Twitter Unveils the First Major Overhaul of Its API Since 2012

The social network has added more flexibility for developers

Twitter API platforms
Twitter is saying farewell to three different API platforms and experiences and replacing them with Basic, Elevated and Custom. Twitter
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Twitter took the wraps off Twitter API v2 today, a complete rebuild of its application-programming interface since it was last updated in 2012.

However, the first set of endpoints, which were scheduled to be made available to developers today, are on hold due to Wednesday’s security breach that affected several high-profile accounts. Instead, they’ll roll out early next week.

The social network’s first public API—which enables developers to incorporate data and functionality from Twitter into their apps—was released in 2006.

In 2012, the platform added new requirements and stricter policies to curb abuse and protect the platform. Executives hope this next iteration helps diversify its developer ecosystem.


“We know developers want flexibility. The Twitter API hasn’t addressed developer diversity well. Its pricing and access models are inflexible and limiting,” Twitter developer platform product lead Priyanka Shetty told reporters in a press briefing earlier this week.

The new API should be easier to use, with options including the ability to specify which fields get returned or to retrieve more tweets from a conversation within the same response. It will also have features that were previously not part of the API, including:

“We’d been using a one-size-fits-all approach to developers that treated everyone like they had commercial intent,” Twitter developer platform design lead Alyssa Reese explained in a company blog post. “That approach was not serving people’s needs, and we needed tailored solutions for different types of developers.”

Twitter will also eliminate its three different API platforms and experiences—Standard (free), Premium (paid, self-serve) and Enterprise (paid, custom)—and the onerous process for developers when their needs expanded and they had to migrate to a different API.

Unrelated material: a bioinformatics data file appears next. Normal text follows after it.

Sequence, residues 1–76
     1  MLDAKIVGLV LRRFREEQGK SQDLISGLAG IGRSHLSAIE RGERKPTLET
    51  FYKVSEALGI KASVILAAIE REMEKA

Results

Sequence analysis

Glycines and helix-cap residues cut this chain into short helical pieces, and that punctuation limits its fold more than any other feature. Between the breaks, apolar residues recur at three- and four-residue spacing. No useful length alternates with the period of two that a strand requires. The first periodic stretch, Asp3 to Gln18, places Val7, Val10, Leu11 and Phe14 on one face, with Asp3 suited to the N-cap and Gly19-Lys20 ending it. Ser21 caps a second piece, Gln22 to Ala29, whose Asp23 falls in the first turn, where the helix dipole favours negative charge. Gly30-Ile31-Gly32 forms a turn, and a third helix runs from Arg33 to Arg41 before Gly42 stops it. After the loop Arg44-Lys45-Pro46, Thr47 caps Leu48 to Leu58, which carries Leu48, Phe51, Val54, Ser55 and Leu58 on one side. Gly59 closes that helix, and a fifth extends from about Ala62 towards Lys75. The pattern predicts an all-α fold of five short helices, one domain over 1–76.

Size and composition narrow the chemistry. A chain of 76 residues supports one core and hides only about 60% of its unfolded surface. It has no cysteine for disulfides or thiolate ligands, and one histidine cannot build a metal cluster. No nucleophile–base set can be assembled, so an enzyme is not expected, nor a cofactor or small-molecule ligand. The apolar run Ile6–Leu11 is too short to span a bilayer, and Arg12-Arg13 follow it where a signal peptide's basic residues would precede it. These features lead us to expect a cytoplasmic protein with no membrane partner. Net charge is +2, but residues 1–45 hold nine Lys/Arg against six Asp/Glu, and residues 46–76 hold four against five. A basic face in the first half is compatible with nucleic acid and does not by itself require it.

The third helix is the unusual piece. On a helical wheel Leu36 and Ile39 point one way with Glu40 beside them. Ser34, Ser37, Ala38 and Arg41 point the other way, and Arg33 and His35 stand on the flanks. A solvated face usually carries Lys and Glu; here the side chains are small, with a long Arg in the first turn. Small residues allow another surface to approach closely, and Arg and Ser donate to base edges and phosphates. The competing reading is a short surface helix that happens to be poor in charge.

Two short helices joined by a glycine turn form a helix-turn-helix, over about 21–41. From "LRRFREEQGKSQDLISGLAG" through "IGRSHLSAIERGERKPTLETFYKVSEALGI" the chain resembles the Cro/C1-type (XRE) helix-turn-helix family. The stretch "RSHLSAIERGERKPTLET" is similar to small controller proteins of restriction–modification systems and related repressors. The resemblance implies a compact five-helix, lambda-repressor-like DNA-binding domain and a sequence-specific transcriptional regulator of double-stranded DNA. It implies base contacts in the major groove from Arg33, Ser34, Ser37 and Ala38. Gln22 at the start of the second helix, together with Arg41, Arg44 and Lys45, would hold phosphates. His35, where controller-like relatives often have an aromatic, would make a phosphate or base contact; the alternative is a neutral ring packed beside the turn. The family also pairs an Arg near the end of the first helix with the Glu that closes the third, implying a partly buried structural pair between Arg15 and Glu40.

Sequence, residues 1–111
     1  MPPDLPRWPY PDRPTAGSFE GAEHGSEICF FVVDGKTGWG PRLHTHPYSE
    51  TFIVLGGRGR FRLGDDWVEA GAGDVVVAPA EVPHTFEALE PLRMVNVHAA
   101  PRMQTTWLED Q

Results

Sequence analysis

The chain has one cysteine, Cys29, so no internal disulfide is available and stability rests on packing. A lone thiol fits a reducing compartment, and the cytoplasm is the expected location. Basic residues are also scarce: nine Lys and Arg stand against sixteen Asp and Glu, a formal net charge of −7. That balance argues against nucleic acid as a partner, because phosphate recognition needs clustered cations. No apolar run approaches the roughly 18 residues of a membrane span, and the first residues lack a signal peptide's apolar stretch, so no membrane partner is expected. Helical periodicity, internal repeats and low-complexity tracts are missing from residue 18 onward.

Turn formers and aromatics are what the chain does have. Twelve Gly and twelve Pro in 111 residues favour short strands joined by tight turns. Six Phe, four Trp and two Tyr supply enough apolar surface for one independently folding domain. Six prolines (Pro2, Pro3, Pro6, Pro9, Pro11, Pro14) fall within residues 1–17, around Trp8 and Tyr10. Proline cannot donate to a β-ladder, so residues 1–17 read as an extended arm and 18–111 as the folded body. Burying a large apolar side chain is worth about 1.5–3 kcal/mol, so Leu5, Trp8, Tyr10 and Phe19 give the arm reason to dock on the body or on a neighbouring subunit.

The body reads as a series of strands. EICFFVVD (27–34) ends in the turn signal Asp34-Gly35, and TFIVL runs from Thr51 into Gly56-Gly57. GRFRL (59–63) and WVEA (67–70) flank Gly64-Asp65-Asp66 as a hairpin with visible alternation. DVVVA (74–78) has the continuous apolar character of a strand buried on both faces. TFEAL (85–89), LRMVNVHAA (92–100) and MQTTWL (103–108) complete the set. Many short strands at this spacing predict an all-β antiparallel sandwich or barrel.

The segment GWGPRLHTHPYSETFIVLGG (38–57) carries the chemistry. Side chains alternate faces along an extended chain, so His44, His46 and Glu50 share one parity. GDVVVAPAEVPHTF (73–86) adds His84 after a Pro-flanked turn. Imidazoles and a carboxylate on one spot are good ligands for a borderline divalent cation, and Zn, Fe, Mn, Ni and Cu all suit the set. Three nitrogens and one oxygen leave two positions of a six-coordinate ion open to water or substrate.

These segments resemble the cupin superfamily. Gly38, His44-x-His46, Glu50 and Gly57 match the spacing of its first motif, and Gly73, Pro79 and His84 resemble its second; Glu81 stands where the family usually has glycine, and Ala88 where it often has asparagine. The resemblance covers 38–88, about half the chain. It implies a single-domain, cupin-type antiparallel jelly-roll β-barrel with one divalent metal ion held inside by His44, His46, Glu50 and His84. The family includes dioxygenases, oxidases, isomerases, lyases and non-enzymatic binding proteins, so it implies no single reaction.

And the social network plans to roll out new, distinct product tracks to provide specific types of developers with the proper experience and support for their needs, along with a range of relevant access levels and appropriate pricing.

The Basic product track will be the default for most developers, with Elevated access to be added in the future.

“We have a really strong belief in the good things developers have built with us in the past and will build with us in the future,” Twitter developer platform head of product Ian Cairns said during the press call.

Twitter will also offer a specific, unique track for academic researchers and developers that build businesses around the API.

In her blog post, Reese highlighted the easier onboarding process, saying the initial app creation process went from 10 fields to one.

A new portal allows developers to access the onboarding wizard, manage their apps, learn about their API usage and limits, access the support center and find documentation.

The social network said developers can stream tweets in real time or analyze past conversation to look at public conversations happening on its platform or bring consumer insights to businesses.

Tweet performance can be measured to help people and businesses use the platform more effectively, and developers can listen for important events, as well as explore tweets from any account.

Those features are all part of the free basic access level, which Twitter said will provide everything most developers need to get started.

Cairns said deprecations are coming for existing versions of its APIs, but developers will receive ample notice and have plenty of time to migrate.

“We know migrations can be challenging,” Shetty added. “We’re committed to doing our part. Going forward, we want to be a little bit more mindful of how we do this. We will be giving developers enough notice before we launch a new version.”

Twitter is sharing its public road map to keep developers posted on its vision and updates, and to enable them to share feedback.


Next to be introduced is full support for hiding and unhiding replies and free elevated access for academic researchers.

“We have not changed anything that we’ve said in the past,” Cairns said. “We want to be intentional about how we serve a whole range of developers, and not just the enterprise segment we’ve served in the past.” David Cohen is editor of Adweek's Social Pro Daily.